I feel badly. Yesterday I sufficiently freaked a lot of people out (I mean a lot of people. Thanks to everyone who retweeted the article) when I wrote about the invasive, privacy-violating, potentially-dangerous full-body scanners that are appearing in airports all over the U.S.
That’s not the part I feel badly about.
I feel badly because I told you about the problem, but I didn’t offer any solutions. And part of the reason for that was that I didn’t see that many viable ones. Unfortunately, the TSA and Homeland Security pretty much have full reign over this sort of thing, and can do whatever the hell they want (I mean, they have thus far). The other problem is that most people can’t avoid flying – a lot of us have jobs that require travel – driving or taking the train to our final destination just isn’t feasible. Still, there are a few things that you can do to make it clear to the TSA and the Department of Homeland Security that you aren’t going to stand for the full-body scanners.
1. Opt-out of the scanners, and select the pat-down option. You simply need to tell the TSA agent that you are opting out of the full-body scan, and they will give you a pat-down instead. Be warned that the pat-down is just as humiliating and invasive as the screens (perhaps more so). But it sends a message to TSA that the scanners are unacceptable. Give yourself a lot of extra time before your flight, since TSA officials have been known to keep people waiting for extensive periods of time. Their goal is to make pat-downs as unpleasant as possible for you (as it was for this blogger), in an attempt to force you back to the scanners.
2. Spread the word to your family and friends. Email them articles (like this one about the dangers of the radiation emitted by the scanners), encourage them to join Facebook groups, and do whatever you can to inform the people in your life about the b.s. we’re getting from the TSA.
3. Join my Facebook group. I’m trying to update the page with as much information as possible about the scanners and what you can do about them. And while you’re at it, why not “like” the ACLU’s Facebook page?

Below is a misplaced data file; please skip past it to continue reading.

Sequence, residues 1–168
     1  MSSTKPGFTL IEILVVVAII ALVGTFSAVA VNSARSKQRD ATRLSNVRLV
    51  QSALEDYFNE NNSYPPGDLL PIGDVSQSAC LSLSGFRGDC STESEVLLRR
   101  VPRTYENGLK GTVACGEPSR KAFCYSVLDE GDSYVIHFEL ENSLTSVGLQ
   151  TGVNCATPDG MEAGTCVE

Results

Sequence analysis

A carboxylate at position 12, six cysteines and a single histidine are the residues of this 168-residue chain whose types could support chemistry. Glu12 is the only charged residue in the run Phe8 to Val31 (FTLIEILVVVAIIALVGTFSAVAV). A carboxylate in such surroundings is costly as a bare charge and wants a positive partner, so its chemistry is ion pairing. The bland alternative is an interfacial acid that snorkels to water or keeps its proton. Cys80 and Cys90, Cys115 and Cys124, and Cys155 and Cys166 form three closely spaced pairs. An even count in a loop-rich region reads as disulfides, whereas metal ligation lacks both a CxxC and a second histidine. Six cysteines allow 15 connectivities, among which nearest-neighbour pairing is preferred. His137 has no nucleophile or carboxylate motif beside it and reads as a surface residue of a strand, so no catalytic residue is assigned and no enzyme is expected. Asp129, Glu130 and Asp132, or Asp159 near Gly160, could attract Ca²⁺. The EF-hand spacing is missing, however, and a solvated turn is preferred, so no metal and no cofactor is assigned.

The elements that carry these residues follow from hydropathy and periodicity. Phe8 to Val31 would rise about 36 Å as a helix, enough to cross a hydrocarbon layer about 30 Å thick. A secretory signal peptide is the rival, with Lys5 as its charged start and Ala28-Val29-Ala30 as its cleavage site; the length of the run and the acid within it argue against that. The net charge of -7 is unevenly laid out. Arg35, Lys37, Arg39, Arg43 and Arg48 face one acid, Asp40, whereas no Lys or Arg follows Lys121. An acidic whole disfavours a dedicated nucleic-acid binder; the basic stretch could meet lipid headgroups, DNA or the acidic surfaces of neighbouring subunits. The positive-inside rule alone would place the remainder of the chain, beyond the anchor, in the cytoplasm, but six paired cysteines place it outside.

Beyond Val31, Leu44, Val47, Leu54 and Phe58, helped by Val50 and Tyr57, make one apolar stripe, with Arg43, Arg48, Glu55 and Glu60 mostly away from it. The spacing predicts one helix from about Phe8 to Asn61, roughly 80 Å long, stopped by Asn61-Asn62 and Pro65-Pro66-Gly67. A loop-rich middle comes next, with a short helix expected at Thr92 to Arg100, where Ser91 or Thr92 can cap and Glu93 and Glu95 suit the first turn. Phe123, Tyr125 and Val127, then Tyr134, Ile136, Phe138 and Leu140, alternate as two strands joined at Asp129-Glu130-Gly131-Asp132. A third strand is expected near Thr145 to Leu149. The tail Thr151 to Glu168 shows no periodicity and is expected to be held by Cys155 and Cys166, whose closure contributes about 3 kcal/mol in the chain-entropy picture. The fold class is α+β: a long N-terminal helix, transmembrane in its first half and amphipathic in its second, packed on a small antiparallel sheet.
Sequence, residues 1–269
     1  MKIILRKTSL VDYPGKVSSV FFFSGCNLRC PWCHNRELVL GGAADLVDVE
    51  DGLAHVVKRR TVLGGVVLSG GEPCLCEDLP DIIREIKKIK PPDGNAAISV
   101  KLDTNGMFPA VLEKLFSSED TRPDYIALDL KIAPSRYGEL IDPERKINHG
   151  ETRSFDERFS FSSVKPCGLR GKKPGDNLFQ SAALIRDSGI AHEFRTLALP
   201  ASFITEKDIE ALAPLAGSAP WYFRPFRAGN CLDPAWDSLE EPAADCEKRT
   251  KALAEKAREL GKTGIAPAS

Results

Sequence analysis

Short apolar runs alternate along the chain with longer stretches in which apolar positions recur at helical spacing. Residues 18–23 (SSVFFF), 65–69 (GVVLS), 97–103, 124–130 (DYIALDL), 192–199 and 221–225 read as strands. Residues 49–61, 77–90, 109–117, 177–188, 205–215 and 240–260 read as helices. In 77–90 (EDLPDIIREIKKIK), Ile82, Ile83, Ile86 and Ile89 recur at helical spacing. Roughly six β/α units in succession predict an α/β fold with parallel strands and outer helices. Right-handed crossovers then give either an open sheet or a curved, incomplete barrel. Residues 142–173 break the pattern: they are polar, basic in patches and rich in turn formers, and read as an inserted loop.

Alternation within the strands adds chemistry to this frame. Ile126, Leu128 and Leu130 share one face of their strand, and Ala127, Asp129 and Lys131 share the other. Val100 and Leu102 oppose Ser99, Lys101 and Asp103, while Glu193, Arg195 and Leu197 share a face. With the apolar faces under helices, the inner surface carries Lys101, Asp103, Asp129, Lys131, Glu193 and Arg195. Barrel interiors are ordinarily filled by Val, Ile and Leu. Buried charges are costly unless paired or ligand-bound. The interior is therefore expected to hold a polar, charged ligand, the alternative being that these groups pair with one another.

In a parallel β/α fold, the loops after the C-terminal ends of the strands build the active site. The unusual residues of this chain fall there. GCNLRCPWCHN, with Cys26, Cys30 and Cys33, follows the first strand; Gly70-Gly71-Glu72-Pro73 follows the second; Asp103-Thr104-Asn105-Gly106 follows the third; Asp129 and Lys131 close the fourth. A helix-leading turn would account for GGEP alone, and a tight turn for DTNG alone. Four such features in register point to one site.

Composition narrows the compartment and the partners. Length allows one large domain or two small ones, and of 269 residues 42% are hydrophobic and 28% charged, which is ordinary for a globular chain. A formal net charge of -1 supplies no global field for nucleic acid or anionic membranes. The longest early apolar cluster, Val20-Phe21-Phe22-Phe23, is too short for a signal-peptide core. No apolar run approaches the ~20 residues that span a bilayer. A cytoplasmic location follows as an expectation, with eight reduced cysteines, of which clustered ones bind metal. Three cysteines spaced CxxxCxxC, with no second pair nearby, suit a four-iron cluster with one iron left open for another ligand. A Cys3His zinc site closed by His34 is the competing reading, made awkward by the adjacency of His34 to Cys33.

4. Had a bad experience with the TSA and the full-body scanners? File a complaint with the ACLU.
5. Write a letter to your congressperson. If enough politicians realize their constituents are concerned about this, something might actually happen. (Emphasis on the word “might.”) While you’re at it, you might want to send a letter to the major airline carriers that you use, as well as hotel chains that you frequent, letting them know that if the scanners continue, you’re boycotting travel.
6. Report any incidents that occur during pat-downs or body-scans with EPIC (the Electronic Privacy Information Center). EPIC has currently joined forces with Ralph Nader and filed a lawsuit to suspend the body-scanner program, and they need all the evidence and stories they can get. (Also, if they’re successful, I just might forgive Ralph Nader. But I probably won’t.)
7. Send a letter or email to the American Pilots Association (which represents 11,000 American Airlines pilots) voicing your support. Recently, the APA’s president called on his fellow pilots to refuse the new full-body scans, citing the unknown dangers of the machines. He also notes how the pat-downs that pilots are forced to undergo instead of the scans are demeaning and humiliating (after all, these are folks on their way to work).
8. Write about your experiences. If you have your own blog, let me know and I’ll help spread the word. If you don’t have your own blog, consider submitting an article to any of the many awesome travel sites out there – including my own (I mean, my site’s kind of awesome, right?)
9. File a complaint with the Department of Homeland Security. If you feel you’ve been treated unfairly, discriminated against in any way, or are forced to go through a full-body scanner even if you want to opt-out (yes, it happens), you can file a complaint with the Department of Homeland Security’s Traveler Redress Inquiry Program (DHS TRIP).
10. Watch this video by the brilliant (and pissed off) Nicole, a U.S. citizen (and vet!) who had a panic attack in anticipation of the “security” measures she had to go through before a Jet Blue flight. It deserves some attention.
If you’re looking for more ideas, check out blogger Kimberly Wilder’s list (which includes the ever-creative suggestion that you should fart while receiving a pat-down), and the Massachusetts ACLU’s list of your options and rights when you go through airport security. And if you have any suggestions of your own, please share them below.